With the 2005 amendments, the Code now distinguishes between an "administrative action," which must be brought in the ALC, from a "civil action." See S.C. Code Ann. §§ 37-6-108(A); 37-6-113(C) (Supp. 2009). There is nothing in the 2005 amendments that changes the procedure that a civil action has to be brought in circuit court. Because the relief sought by the Department in this case is available only in a civil action pursuant to section 37-6-113(A), and because a civil action must still be brought in circuit court, the ALC was correct in ruling that it did not have the power to grant the relief.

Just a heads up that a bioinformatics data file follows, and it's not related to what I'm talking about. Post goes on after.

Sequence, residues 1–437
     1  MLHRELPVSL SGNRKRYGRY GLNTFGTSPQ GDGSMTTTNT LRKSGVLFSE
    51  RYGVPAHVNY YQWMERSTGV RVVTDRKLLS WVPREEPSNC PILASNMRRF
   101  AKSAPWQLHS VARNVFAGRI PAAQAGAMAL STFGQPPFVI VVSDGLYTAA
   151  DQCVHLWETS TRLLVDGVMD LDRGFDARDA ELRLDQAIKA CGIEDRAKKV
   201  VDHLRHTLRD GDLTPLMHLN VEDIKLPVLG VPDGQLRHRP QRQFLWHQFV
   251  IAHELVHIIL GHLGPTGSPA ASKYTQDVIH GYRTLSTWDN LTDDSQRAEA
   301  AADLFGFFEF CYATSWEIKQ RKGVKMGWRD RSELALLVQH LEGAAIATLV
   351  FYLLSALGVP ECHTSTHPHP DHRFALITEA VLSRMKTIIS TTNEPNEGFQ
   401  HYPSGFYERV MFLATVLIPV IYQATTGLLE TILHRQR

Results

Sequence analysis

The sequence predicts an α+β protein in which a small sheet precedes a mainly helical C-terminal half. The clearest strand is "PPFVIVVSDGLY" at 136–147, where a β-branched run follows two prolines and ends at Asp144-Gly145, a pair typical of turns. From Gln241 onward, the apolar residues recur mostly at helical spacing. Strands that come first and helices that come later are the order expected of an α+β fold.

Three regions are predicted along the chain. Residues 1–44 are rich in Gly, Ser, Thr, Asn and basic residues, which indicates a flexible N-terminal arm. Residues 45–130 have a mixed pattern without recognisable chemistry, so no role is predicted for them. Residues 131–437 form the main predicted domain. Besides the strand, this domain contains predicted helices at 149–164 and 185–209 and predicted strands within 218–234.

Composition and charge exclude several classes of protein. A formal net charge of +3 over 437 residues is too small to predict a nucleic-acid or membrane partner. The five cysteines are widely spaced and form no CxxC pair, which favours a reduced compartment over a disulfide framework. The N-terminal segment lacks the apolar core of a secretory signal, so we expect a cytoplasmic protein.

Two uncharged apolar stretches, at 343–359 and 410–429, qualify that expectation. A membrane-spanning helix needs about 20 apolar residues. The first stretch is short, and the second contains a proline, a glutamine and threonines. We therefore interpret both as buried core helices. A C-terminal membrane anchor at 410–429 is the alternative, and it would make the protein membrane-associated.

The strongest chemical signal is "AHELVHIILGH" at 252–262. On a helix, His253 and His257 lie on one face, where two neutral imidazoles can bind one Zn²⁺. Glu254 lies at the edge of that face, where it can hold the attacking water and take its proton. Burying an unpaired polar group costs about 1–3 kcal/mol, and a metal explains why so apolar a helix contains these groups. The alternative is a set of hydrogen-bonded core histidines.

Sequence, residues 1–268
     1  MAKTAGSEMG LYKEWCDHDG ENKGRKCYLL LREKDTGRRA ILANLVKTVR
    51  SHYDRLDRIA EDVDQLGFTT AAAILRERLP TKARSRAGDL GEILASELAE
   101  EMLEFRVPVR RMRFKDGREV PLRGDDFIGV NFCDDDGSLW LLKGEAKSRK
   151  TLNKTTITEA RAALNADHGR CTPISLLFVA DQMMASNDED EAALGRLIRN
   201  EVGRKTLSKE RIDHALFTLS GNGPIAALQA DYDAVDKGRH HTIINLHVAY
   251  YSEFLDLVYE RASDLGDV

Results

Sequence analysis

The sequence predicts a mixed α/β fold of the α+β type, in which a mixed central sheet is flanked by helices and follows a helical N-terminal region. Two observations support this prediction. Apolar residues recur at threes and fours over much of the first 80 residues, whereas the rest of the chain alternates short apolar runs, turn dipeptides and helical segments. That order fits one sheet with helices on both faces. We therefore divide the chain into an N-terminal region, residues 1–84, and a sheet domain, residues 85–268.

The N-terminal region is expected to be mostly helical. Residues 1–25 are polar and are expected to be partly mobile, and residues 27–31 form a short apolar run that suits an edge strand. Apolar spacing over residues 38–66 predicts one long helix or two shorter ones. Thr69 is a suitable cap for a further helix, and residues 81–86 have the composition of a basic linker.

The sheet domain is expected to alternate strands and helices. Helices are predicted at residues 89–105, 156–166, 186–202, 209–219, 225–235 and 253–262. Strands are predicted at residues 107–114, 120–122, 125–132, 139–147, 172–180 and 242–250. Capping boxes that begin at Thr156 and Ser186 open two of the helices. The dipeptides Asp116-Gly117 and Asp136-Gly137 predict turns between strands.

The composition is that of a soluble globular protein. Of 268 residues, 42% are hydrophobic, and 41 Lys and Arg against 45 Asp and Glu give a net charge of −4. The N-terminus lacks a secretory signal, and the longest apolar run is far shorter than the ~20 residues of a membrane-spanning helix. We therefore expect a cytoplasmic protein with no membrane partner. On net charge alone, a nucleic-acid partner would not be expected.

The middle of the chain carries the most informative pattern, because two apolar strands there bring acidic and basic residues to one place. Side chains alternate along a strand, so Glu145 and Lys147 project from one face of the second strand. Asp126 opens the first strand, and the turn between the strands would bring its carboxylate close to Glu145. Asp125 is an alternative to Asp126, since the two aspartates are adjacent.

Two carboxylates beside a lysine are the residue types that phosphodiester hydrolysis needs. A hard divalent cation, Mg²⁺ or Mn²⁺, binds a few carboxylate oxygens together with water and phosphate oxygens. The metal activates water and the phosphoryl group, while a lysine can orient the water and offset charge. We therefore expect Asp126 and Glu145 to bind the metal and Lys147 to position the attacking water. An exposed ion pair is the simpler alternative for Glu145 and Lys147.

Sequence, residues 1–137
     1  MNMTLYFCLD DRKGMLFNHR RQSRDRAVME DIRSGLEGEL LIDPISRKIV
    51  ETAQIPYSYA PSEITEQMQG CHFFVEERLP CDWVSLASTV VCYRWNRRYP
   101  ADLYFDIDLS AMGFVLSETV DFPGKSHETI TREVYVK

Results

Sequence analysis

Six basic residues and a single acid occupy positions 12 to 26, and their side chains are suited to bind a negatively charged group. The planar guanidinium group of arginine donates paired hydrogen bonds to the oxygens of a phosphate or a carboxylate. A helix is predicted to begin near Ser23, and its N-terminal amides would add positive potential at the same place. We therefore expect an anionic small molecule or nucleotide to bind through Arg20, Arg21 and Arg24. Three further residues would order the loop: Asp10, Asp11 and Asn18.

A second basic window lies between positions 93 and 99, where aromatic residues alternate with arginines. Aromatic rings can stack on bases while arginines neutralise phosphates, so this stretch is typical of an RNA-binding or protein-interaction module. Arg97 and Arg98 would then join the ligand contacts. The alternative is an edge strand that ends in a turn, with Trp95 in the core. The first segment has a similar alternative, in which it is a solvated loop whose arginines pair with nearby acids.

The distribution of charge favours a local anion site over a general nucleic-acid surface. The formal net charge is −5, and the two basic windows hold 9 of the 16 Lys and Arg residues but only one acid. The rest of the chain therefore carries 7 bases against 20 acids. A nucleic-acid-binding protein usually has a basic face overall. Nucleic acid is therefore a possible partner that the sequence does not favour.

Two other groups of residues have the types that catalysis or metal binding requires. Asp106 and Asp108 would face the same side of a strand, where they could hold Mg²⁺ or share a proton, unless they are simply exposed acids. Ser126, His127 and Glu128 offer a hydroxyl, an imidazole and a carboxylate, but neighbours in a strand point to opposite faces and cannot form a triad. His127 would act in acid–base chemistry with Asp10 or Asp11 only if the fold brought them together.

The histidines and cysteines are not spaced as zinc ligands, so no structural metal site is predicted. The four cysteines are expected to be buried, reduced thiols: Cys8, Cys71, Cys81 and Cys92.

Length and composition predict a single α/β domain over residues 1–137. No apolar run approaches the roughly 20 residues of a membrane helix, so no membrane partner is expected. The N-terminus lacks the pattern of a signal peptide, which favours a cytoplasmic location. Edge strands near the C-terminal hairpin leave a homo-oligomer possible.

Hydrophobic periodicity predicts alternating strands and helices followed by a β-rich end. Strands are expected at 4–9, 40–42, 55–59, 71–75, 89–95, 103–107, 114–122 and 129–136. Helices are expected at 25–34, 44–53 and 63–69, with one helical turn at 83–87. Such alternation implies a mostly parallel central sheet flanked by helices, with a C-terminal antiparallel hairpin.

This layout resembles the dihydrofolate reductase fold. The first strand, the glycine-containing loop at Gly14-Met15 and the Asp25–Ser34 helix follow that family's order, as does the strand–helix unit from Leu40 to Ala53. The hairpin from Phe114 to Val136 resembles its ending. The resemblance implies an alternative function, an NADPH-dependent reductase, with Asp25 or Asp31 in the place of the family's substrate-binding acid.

Further, when the General Assembly revised the Code in 2005 and created the administrative action under section 37-6-108, it placed limitations on the power of the ALC. Under subsection 37-6-108(F), "the administrative law judge may not award damage[s] . . . to affected customers in these hearings." S.C. Code Ann. § 37-6-108(F) (Supp. 2009). This subsection precludes the ALC from granting the type of relief the Department requested.